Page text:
The Revs. Leete: In the Pulpit,
Before the Class, On the Links
Two leaders in the Congregational Church — father and son — are buried together in the Ridgefield Cemetery. Descendants of an unusual pioneer and tied to three Connecticut governors, both were accomplished ministers in different realms, and one was even a champion golfer.
William White Leete was born in Windsor, Conn., in 1854, a fifth grandson of William Leete, one of the earliest settlers in Connecticut and the only one to govern both of its colonies. Born around 1613 in Huntingdonshire, England, the progenitor William Leete became a lawyer, serving the bishop of Cambridge at a court that was investigating and prosecuting Puritans. Leete wound up agreeing with the people he was supposed to prosecute, became a Puritan himself, emigrated to the New World in 1639, and was one of the founders of the town of Guilford, Conn. He later served as governor of the New Haven Colony and after that colony merged with the Connecticut Colony in 1664, he was elected governor of Connecticut from 1676 until his death in 1683.
Great-great-great-great-great grandson William W. Leete graduated from Amherst and like many of his ancestors, went to Yale where he earned a degree in divinity in 1880. He then continued his studies at Yale’s graduate school. In 1882, he accepted a call to the First Congregational Church in Ridgefield, his first pastorate.
Here he immediately faced a major challenge. The old “meeting house” on the green, built 80 years earlier, was falling apart and the congregation needed a new and larger church. Under his leadership, the congregation came up with a plan to build a new edifice west of the existing one — near where Jesse Lee Memorial United Methodist Church is today. Neighbors objected, however, and the plan was abandoned.
Henry King McHarg, a wealthy parishioner and descendant of an early Ridgefield minister of the church, came to the rescue, donating land at Main Street and West Lane for the new building, which was erected in 1888 under Leete’s tenure. But on his second Sunday in the brand new church, Mr. Leete gave his farewell sermon — he had taken a pastorate in Rockford, Ill., (the third Ridgefield minister to go there).
After a decade of pastoral work and perhaps influenced by his experiences in Ridgefield, he spent 25 years as the New England secretary for the Congregational Church Building Society, and then another 10 years as editorial and field secretary of the Congregational Church Extension Board. In both capacities, he helped local congregations build new churches.
While in Ridgefield, Rev. Leete had a rather unusual interest for a 19th Century clergyman: He played baseball. “He was considered a good baseballist,” The Ridgefield Press reported at the time. And the newspaper should have known — Leete played for the Press’s own team in the 1880s.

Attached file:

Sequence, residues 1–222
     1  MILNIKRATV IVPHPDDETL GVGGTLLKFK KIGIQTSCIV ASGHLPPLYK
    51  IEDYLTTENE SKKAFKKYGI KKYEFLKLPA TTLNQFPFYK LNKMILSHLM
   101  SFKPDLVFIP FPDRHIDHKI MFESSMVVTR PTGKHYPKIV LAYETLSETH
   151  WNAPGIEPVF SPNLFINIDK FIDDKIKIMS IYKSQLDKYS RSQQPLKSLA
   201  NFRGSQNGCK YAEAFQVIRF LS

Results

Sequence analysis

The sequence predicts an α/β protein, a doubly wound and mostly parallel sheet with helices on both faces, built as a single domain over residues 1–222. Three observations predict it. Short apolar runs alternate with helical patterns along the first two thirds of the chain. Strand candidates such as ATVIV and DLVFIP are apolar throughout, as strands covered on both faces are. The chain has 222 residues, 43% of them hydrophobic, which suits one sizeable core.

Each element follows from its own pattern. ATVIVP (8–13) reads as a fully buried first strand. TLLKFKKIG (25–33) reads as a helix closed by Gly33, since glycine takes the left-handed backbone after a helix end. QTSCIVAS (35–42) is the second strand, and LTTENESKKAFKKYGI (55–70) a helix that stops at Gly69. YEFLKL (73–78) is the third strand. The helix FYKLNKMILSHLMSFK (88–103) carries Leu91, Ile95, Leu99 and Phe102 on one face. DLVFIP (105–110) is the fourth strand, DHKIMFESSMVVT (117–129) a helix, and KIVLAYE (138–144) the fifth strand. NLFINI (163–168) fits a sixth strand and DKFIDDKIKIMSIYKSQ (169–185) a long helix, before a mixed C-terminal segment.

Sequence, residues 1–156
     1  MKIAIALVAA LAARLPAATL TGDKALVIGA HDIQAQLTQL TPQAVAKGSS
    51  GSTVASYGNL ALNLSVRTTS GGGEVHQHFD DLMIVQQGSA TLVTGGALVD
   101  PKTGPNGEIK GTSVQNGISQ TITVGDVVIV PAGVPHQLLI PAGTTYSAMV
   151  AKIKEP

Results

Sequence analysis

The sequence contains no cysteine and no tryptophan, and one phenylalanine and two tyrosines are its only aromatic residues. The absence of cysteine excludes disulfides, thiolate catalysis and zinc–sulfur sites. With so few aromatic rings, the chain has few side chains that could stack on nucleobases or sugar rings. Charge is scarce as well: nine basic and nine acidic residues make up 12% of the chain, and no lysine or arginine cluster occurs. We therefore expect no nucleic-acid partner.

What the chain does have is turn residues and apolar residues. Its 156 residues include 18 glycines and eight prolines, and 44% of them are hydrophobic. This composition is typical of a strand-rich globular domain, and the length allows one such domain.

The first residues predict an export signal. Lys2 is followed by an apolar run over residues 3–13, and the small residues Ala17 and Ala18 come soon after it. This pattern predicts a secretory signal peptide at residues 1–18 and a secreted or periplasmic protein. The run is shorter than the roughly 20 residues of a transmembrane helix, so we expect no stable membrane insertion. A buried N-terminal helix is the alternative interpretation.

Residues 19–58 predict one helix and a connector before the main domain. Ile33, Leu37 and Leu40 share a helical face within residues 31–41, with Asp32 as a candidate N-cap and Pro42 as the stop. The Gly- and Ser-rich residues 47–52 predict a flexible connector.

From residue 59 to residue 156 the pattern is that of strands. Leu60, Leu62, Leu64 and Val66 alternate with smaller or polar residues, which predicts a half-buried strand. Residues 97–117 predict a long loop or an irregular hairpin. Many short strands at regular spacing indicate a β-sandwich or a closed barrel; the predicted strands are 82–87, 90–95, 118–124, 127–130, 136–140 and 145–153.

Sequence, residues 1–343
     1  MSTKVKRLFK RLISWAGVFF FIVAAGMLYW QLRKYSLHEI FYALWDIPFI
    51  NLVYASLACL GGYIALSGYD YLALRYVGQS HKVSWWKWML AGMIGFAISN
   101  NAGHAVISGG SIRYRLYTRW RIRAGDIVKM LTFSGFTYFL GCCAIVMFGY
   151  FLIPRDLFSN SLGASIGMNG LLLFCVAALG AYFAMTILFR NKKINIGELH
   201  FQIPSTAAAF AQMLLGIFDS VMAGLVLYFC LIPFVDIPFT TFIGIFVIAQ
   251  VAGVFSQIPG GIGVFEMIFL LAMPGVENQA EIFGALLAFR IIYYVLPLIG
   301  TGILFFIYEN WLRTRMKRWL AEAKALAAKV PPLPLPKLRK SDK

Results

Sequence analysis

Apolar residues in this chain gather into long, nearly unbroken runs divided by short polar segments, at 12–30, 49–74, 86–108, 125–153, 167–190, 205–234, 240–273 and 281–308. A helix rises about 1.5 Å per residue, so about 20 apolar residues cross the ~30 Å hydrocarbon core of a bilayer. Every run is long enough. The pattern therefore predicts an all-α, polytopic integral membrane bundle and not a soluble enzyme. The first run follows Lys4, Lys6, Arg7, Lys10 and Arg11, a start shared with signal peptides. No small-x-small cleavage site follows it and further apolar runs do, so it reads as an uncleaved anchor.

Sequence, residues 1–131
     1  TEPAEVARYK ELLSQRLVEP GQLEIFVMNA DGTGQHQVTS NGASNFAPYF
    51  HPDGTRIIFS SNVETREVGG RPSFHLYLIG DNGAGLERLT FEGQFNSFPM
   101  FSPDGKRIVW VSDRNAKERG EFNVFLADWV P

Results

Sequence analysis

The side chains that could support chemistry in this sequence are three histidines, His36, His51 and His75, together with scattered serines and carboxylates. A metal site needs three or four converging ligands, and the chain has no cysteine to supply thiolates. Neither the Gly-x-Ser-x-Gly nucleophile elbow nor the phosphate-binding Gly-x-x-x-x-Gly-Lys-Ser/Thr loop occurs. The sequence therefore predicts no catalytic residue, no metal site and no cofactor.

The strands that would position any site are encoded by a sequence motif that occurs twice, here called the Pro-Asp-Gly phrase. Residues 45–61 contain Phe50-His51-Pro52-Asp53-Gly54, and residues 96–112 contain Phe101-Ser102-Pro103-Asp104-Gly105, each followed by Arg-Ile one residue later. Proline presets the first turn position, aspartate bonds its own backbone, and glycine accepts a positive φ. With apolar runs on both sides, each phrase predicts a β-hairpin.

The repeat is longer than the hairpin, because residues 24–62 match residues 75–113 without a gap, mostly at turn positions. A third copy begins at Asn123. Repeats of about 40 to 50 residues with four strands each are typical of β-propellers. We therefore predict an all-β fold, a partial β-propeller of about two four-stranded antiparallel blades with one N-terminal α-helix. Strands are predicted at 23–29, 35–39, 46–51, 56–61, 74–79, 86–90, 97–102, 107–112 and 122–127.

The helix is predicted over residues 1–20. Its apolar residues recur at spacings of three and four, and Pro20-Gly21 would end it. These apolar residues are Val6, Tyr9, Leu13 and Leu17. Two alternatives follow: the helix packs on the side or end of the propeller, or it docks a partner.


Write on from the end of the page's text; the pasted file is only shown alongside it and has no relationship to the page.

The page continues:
Later in life, he became a champion golfer; for five consecutive years he won the Class A trophy for players 75 or older at the United States Golf Association tournament in Rye, N.Y. The New York Times reported that “he also excelled as a skater.”
During his pastorate here, Leete met and fell in love with Ann Eliza Rockwell — two of whose uncles, George and Phineas Lounsbury, became, like William’s ancestor, Connecticut governors. The marriage explains why, after he died in 1946 at the age of 91, he was buried in the Lounsbury section of the Ridgefield Cemetery. It also explains the name of their son, the Rev. William Rockwell Leete, born in Ridgefield in 1886, who is buried alongside his parents at the Lounsbury Cemetery.
The younger Leete had a rather exotic career, including two years’ imprisonment. After graduating from Yale in 1908, he earned a degree in divinity from Union Theological Seminary and by 1912, was in China, working as a missionary. He spent much of his life there, including many years as a professor at the Nanking Theological Seminary in Shanghai. He also earned a doctorate in divinity during a sabbatical in the U.S.
In 1941, he was arrested by conquering Japanese soldiers, and held in a Shanghai prison camp until 1943 when his release was finally secured. He immediately headed home, only to learn that, while he had been imprisoned, his son, Lt. Jonathan Leete of the Army Air Force, had gone missing in action in the Middle East. Lt. Leete was never found.
After the war, Dr. Leete returned to teaching in China. He was forced back to the States when the communists began taking over the country. He died in Michigan in 1952.
Being fifth and sixth great-grandchildren of Gov. William Leete put the two ministers in some unusual company. Another fifth great-grandchild was John Brown, the abolitionist whose body lay “moldering in the grave” after being executed for his raid on Harpers Ferry.
Financier J.P. Morgan, one of the richest men in the world in his time, was a sixth great grandson. Even stars of stage and screen have been in the clan. Film actor Humphrey Bogart was a seventh great-grandson. A ninth great-grandson is TV comic/actor Ed Helms from The Daily Show and The Office, who was also the voice for animated films of the Lorax and, err, Captain Underpants (what would the Revs. Leete think of that?).